Tuesday, 13 January 2009

Deptford Creek

Deptford Creek has long formed a boundary between Deptford and Greenwich. In the past, it was a significant physical barrier: the very name 'Deptford' refers to the 'deep ford' there. As recently as the nineteenth century the river slowed down construction of London's first commuter railway (hence Deptford Station opened four years before Greenwich).

In fact, the creek is the mouth of the river Ravensbourne. It is tidal - the picture above was taken at low tide - and navigable. Historically, small shipbuilders and mills were located here, taking advantage of its tidal waters and proximity to the Royal Dockyard. In the nineteenth and early twentieth centuries, it was a popular industrial location, with the power station and various mills enjoying the combination of water for their own needs, easy deliveries by boat, and access to the Thames. Chemical works, verdigris works and soap factories must have made the environment pretty unpleasant.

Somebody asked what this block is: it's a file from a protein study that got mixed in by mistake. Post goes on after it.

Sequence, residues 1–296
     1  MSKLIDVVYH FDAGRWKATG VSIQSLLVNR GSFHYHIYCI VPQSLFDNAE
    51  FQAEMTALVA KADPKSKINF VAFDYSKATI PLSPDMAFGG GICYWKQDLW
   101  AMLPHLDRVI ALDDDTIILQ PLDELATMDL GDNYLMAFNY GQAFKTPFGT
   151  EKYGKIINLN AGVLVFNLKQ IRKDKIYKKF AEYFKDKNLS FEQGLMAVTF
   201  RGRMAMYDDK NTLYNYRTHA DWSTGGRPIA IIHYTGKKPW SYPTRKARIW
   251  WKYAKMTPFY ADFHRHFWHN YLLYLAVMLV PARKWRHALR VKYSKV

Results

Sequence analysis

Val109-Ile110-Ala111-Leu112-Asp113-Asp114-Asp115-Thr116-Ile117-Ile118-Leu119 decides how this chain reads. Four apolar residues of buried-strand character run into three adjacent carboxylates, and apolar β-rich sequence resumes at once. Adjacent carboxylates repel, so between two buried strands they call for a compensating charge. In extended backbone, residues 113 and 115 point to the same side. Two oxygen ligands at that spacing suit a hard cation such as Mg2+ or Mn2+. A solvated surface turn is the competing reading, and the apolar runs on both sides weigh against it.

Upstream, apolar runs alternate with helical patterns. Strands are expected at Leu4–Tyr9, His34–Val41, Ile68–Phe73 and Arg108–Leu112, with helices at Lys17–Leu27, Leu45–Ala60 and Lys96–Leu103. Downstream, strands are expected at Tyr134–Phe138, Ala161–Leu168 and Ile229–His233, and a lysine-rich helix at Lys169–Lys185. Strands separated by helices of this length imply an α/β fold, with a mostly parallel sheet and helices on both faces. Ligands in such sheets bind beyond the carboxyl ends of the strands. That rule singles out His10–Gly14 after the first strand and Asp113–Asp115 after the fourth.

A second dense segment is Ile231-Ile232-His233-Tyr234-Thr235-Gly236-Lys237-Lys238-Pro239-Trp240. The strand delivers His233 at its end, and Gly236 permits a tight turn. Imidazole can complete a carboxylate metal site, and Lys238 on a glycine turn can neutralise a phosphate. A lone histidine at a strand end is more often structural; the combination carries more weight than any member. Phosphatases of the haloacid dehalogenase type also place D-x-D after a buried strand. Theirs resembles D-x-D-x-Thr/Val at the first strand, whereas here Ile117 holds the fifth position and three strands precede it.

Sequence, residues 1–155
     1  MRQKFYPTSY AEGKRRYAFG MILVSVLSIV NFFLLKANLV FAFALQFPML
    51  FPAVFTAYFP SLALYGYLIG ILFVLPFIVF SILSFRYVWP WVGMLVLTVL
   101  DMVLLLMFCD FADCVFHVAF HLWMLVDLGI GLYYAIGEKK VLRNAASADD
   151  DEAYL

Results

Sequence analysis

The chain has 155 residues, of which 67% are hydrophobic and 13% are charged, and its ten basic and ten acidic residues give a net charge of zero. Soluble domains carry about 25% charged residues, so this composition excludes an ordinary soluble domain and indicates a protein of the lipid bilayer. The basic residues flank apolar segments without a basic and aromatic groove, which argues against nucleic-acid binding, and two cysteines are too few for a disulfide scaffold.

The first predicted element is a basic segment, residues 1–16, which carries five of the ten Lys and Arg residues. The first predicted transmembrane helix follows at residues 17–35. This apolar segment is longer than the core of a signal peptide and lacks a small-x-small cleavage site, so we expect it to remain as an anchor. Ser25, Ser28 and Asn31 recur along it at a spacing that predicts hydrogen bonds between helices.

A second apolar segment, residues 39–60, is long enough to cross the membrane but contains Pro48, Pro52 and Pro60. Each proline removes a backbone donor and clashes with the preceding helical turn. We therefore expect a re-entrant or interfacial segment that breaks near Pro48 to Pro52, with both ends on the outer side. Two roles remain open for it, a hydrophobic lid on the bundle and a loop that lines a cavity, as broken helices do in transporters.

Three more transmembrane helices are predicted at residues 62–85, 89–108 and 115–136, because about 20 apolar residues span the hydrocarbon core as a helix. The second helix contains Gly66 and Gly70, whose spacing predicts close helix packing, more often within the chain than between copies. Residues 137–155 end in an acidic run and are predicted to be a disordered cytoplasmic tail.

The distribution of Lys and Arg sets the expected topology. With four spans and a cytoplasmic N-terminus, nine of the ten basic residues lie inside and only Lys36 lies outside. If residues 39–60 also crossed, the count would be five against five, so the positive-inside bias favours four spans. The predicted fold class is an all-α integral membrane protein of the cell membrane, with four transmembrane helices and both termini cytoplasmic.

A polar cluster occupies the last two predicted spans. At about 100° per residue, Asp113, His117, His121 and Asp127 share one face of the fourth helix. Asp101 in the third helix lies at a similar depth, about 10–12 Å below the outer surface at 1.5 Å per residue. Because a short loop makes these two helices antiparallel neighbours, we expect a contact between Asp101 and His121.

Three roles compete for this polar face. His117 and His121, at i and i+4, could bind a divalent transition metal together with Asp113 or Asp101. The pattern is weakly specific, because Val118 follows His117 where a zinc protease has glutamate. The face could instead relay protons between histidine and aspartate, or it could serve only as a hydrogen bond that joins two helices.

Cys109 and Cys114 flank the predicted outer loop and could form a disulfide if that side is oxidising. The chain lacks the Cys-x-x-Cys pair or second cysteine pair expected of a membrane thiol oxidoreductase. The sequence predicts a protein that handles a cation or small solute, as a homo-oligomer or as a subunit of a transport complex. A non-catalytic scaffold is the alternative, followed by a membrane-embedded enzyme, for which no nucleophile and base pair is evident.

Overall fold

Today, one cement works remains but the stretch is becoming more artistic than industrial. The Creekside Centre celebrates the creek's wildlife, neighboured by the Laban Centre and various artists' studios and workshops. Other hints of the area's creative life include this survivor from the Deptford X festival, crouching behind a Creekside wall:


2 comments:

M@ said...

Plus, it took a direct hit from one of Hitler's V2 missiles. Several boats sank, but nobody was killed.

http://londonist.com/2009/01/london_v2_rocket_sitesmapped.php

CarolineLD said...

Thank you for that information - and for the link to your map, what a wonderful resource!

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